The Goldsmith with No Fingers

For about 30 years, Annette Gabbedey Goldsmiths served their part in the jewelry industry. To this day, the founder of this company, Annette Gabbedey, 54, continues to serve her part in the jewelry industry as well as the disabled community — as a goldsmith with no fingers.

Starting in London’s Hatton Garden, Gabbedey began her career as a goldsmith. Now, she shows off her talent and promotes the work of other designers at her showroom in the artisan quarter of Frome, Somerset, called St. Catherines. In 2015, during her 25th year of being in the jewelry industry, Gabbedey was awarded as the "Bristol & Bath Business Women of the Year."


In an interview with the South West News Company, the 2015 Bristol& Bath Business Women of the Year, mentioned that her physical disability is obvious.


“So I’m a designer goldsmith, but… naturally people can see that visually there is a little bit of a difference about me. I don’t have fingers,” said Gabbedey, “which most people would expect a goldsmith to have. So that usually creates certain questions from people.”


Since being born with no fingers, Gabbedey continues to intertwine metals with diamonds, opals, and other stones to create jewelry. While doing so, she admits that she does not know how people create jewelry with fingers.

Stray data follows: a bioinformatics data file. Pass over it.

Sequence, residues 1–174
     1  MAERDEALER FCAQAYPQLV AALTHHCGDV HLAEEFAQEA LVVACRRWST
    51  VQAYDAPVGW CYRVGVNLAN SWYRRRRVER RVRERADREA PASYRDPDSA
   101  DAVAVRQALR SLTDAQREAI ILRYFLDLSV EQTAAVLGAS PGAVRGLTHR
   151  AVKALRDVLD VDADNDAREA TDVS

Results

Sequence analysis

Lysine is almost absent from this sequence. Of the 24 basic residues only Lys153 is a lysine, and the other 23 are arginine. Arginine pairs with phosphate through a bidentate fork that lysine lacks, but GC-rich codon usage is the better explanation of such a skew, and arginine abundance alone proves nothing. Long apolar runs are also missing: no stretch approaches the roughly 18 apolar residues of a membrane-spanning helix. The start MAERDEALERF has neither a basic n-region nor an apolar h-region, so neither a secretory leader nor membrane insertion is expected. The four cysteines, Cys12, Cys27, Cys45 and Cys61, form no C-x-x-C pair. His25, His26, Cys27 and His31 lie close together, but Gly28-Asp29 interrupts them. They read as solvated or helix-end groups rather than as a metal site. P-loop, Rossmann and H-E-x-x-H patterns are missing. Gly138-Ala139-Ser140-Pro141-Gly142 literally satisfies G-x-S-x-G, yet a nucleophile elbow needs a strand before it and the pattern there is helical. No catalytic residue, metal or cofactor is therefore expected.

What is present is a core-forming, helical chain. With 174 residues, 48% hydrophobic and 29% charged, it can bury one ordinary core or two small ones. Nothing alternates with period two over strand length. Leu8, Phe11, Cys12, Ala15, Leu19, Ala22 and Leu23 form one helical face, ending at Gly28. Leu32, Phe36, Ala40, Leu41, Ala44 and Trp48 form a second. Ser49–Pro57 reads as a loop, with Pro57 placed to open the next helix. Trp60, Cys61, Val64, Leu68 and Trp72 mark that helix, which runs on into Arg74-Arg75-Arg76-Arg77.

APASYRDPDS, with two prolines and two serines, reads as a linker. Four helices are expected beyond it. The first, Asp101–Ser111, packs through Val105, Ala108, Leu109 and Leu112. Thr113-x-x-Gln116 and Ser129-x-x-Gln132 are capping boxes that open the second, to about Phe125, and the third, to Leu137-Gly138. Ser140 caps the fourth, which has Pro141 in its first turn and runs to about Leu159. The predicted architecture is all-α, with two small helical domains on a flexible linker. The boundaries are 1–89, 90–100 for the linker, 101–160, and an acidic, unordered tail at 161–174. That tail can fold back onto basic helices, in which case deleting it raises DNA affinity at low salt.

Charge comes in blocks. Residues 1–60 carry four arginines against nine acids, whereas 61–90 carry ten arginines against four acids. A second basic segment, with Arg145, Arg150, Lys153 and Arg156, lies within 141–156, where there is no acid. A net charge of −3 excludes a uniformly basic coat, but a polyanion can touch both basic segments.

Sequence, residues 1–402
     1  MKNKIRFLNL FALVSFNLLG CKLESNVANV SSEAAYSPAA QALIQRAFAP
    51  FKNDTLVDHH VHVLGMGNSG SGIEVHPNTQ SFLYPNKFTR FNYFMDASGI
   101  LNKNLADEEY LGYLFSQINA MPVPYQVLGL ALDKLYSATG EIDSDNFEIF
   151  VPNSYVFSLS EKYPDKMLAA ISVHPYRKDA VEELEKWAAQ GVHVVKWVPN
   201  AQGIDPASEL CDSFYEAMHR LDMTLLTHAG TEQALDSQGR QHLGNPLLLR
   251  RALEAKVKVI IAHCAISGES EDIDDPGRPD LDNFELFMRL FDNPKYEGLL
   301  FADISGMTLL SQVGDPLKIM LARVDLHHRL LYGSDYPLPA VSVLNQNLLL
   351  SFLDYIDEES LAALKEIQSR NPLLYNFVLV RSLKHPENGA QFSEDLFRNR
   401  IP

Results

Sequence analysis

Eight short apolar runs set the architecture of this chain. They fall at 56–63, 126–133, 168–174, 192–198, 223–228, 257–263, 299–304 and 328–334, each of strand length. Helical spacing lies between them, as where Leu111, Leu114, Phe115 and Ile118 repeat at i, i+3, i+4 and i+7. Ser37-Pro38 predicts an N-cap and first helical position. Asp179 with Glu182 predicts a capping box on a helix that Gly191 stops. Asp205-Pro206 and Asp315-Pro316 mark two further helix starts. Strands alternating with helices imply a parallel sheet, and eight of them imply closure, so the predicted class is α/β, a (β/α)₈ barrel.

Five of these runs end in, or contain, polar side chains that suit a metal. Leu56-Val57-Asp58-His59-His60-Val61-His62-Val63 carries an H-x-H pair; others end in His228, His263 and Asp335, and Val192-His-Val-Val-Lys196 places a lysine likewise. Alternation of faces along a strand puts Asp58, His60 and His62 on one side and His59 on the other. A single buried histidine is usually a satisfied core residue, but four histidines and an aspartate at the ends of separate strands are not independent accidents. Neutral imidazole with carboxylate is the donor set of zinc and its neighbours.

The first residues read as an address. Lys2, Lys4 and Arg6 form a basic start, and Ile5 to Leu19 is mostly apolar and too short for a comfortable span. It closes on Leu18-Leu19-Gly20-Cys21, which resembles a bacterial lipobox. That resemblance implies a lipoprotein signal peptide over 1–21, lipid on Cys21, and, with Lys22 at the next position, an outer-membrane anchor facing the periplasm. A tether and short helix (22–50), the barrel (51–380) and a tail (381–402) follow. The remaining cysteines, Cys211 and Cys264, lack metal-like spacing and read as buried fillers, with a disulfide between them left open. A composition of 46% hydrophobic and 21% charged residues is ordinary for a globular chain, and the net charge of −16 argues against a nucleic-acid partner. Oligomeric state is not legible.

“Over the years, I have learned to adapt to tools. I don’t use anything special, no specially equipped tools,” said Gabbedey.


However, in some cases to help her adapt to tools when making jewelry and doing everyday tasks, Gabbedey uses a leather buckle-strap, originally made to hold kitchen utensils together. She explains that the leather buckle-strap allows her to hold onto tools without fingers and allows her other hand to be free to assist during the project. Gabbedey also uses a milling device, a device commonly used by engineers to hold objects in place when sawing/hammer, as another set of fingers to hold what she is working on in place,


“So you just find a different way to things, really,” said Gabbedey.


Gabbedey says that she loves being a jewelry designer, not only because it is her passion, but because it highlights the world of artists with disabilities. She understands that her condition is abnormal for some, so she hopes to bring awareness to them. 


“Children are fascinated [by Gabbedey’s hands without fingers] and they’ll ask. And actually, I don’t mind. They need to learn at a young age that this is quite normal.”


As for those who are in a similar position, Gabbedey advises them to continue doing what they love because passion should not be affected by any physically disabled traits that are only visible on the outside.


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